The compounds of this invention may also be useful for the treatment or prevention of cancer including solid tumors such as fibrosarcoma, myxosarcoma, liposarcoma, chondrosarcoma, osteogenic sarcoma, chordoma, angiosarcoma, endotheliosarcoma, lymphangiosarcoma, lymphangioendotheliosarcoma, synovioma, mesothelioma, Ewing's tumor, leiomyosarcoma, rhabdomyosarcoma, colon cancer, colorectal cancer, kidney cancer, pancreatic cancer, bone cancer, breast cancer, ovarian cancer, prostate cancer, esophageal cancer, stomach cancer, oral cancer, nasal cancer, throat cancer, squamous cell carcinoma, basal cell carcinoma, adenocarcinoma, sweat gland carcinoma, sebaceous gland carcinoma, papillary carcinoma, papillary adenocarcinomas, cystadenocarcinoma, medullary carcinoma, bronchogenic carcinoma, renal cell carcinoma, hepatoma, bile duct carcinoma, choriocarcinoma, seminoma, embryonal carcinoma, Wilms'tumor, cervical cancer, uterine cancer, testicular cancer, small cell lung carcinoma, bladder carcinoma, lung cancer, epithelial carcinoma, skin cancer, melanoma, neuroblastoma and retinoblastoma; blood-borne cancers such as acute lymphoblastic leukemia(“ALL”), acute lymphoblastic B-cell leukemia, acute lymphoblastic T-cell leukemia, acute myeloblastic leukemia (“AML”), acute promyelocytic leukemia(“APL”), acute monoblastic leukemia, acute erythroleukemic leukemia, acute megakaryoblastic leukemia, acute myelomonocytic leukemia, acute nonlymphocyctic leukemia, acute undifferentiated leukemia, chronic myelocytic leukemia(“CML”), chronic lymphocytic leukemia(“CLL”), hairy cell leukemia and multiple myeloma; acute and chronic leukemias such as lymphoblastic, myelogenous, lymphocytic, myelocytic leukemias; Lymphomas such as Hodgkin's disease, non-Hodgkin's Lymphoma, Multiple myeloma, Waldenstrom's macroglobulinemia, Heavy chain disease and Polycythemia vera; CNS and brain cancers such as glioma, pilocytic astrocytoma, astrocytoma, anaplastic astrocytoma, glioblastoma multiforme, medulloblastoma, craniopharyngioma, ependymoma, pinealoma, hemangioblastoma, acoustic neuroma, oligodendroglioma, meningioma, vestibular schwannoma, adenoma, metastatic brain tumor, meningioma, spinal tumor and medulloblastoma.

Thus, the present invention provides a compound of formula I for use in the manufacture of a medicament for the treatment or prevention of cancer.

The present invention also provides a method for the treatment or prevention of cancer, which method comprises administration to a patient in need thereof of an effective amount of a compound of formula I or a composition comprising a compound of formula I.

The compounds of the present invention may also be used for the treatment of cancer which is deficient in Homologous Recombination (HR) dependent DNA DSB repair activity (see WO 2006/021801).

The HR dependent DNA DSB repair pathway repairs double-strand breaks (DSBs) in DNA via homologous mechanisms to reform a continuous DNA helix (Nat. Genet. (2001) 27(3):247-254). The components of the HR dependent DNA DSB repair pathway include, but are not limited to, ATM (NM-000051), RAD51 (NM-002875), RAD51 L1 (NM-002877), RAD51 C (NM-002876), RAD51L3 (NM-002878), DMC1 (NM-007068), XRCC2 (NM7005431), XRCC3 (NM-005432), RAD52 (NM-002879), RAD54L (NM-003579), RAD54B (NM-012415), BRCA-1 (NM-007295), BRCA-2 (NM-000059), RAD50 (NM-005732), MREI 1A (NM-005590), NBS1 (NM-002485), ADPRT (PARP-1), ADPRTL2, (PARP02) CTPS, RPA, RPA1, RPA2, RPA3, XPD, ERCC1, XPF, MMS19, RAD51, RAD51p, RAD51C, RAD51D, DMC1, XRCCR, XRCC3, BRCA1, BRCA2, RAD52, RAD54, RAD50, MRE11, NB51, WRN, BLMKU70, RU80, ATM, ATRCHK1, CHK2, FANCA, FANCB, FANCC, FANCD1, FANCD2, FANCE, FANCF, FANCG, FANCC, FANCD1, FANCD2, FANCE, FANCF, FANCG, RAD1 and RAD9. Other proteins involved in the HR dependent DNA DSB repair pathway include regulatory factors such as EMSY (Cell (2003) 115:523-535).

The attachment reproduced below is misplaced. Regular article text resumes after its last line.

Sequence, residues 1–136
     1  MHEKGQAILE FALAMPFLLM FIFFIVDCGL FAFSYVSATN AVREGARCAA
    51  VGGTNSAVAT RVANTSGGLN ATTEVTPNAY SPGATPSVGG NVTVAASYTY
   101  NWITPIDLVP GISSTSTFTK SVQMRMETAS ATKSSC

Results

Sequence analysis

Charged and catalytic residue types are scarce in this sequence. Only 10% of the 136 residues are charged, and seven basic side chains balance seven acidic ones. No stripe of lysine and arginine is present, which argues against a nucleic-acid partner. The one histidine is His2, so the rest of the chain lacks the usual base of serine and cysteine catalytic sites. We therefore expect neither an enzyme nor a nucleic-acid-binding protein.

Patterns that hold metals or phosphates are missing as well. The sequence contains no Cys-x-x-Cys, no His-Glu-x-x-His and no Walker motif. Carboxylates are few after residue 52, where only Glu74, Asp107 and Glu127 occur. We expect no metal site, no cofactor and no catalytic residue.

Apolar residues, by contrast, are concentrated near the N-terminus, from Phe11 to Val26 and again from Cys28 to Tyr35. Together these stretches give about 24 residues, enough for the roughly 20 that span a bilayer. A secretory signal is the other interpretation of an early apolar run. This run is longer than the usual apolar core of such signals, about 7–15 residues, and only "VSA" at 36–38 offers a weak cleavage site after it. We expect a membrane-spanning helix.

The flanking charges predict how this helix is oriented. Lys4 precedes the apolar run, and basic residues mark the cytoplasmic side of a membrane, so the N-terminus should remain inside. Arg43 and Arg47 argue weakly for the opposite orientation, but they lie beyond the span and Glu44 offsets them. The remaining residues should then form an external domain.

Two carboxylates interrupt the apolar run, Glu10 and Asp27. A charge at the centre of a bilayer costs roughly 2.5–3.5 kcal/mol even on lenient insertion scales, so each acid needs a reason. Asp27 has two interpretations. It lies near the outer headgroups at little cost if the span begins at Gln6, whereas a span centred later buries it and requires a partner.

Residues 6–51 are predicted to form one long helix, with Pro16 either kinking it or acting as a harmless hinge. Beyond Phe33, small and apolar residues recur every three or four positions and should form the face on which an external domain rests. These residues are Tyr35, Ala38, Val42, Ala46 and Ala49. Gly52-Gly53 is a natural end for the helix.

A cancer which is deficient in HR dependent DNA DSB repair may comprise or consist of one or more cancer cells which have a reduced or abrogated ability to repair DNA DSBs through that pathway, relative to normal cells i.e. the activity of the HR dependent DNA DSB repair pathway may be reduced or abolished in the one or more cancer cells.

The activity of one or more components of the HR dependent DNA DSB repair pathway may be abolished in the one or more cancer cells of an individual having a cancer which is deficient in HR dependent DNA DSB repair. Components of the HR dependent DNA DSB repair pathway are well characterized in the art (see for example, Science (2001) 291:1284-1289) and include the components listed above.

The present invention provides a compound of formula I for use in the manufacture of a medicament for the treatment or prevention of a cancer which is deficient in HR dependent DNA DSB repair activity.

The present invention also provides a method for the treatment or prevention of a cancer which is deficient in HR dependent DNA DSB repair activity, which method comprises administration to a patient in need thereof of an effective amount of a compound of formula I or a composition comprising a compound of formula I

In an embodiment the cancer cells are deficient in the HR dependent DNA DSB repair activity of one or more phenotypes selected from ATM (NM-000051), RAD51 (NM-002875), RAD51 L1 (NM-002877), RAD51 C (NM-002876), RAD51L3 (NM-002878), DMC1 (NM-007068), XRCC2 (NM7005431), XRCC3 (NM-005432), RAD52 (NM-002879), RAD54L (NM-003579), RAD54B (NM-012415), BRCA-1 (NM-007295), BRCA-2 (NM-000059), RAD50 (NM-005732), MREI 1A (NM-005590), NBS1 (NM-002485)), ADPRT (PARP-1), ADPRTL2, (PARP02) CTPS, RPA, RPA1, RPA2, RPA3, XPD, ERCC1, XPF, MMS19, RAD51, RAD51p, RAD51C, RAD51D, DMC1, XRCCR, XRCC3, BRCA1, BRCA2, RAD52, RAD54, RAD50, MRE11, NB51, WRN, BLMKU70, RU80, ATM, ATRCHK1, CHK2, FANCA, FANCB, FANCC, FANCD1, FANCD2, FANCE, FANCF, FANCG, FANCC, FANCD1, FANCD2, FANCE, FANCF, FANCG, RAD1 and RAD9.